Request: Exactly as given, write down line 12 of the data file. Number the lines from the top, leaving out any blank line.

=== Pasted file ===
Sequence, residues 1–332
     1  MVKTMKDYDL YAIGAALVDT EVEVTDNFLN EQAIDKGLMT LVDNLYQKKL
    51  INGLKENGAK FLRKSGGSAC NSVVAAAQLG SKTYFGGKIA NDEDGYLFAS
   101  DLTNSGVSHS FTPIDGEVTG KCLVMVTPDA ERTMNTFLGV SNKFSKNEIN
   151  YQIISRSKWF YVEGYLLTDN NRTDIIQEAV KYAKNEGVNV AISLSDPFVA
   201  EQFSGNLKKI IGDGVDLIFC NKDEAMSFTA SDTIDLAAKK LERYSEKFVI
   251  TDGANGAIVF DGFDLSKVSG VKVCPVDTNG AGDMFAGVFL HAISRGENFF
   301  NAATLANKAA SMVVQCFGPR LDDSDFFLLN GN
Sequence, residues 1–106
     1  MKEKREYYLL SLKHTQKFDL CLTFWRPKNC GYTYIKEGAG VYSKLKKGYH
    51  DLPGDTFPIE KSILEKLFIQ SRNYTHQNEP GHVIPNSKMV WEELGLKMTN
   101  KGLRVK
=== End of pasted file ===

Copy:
   101  KGLRVK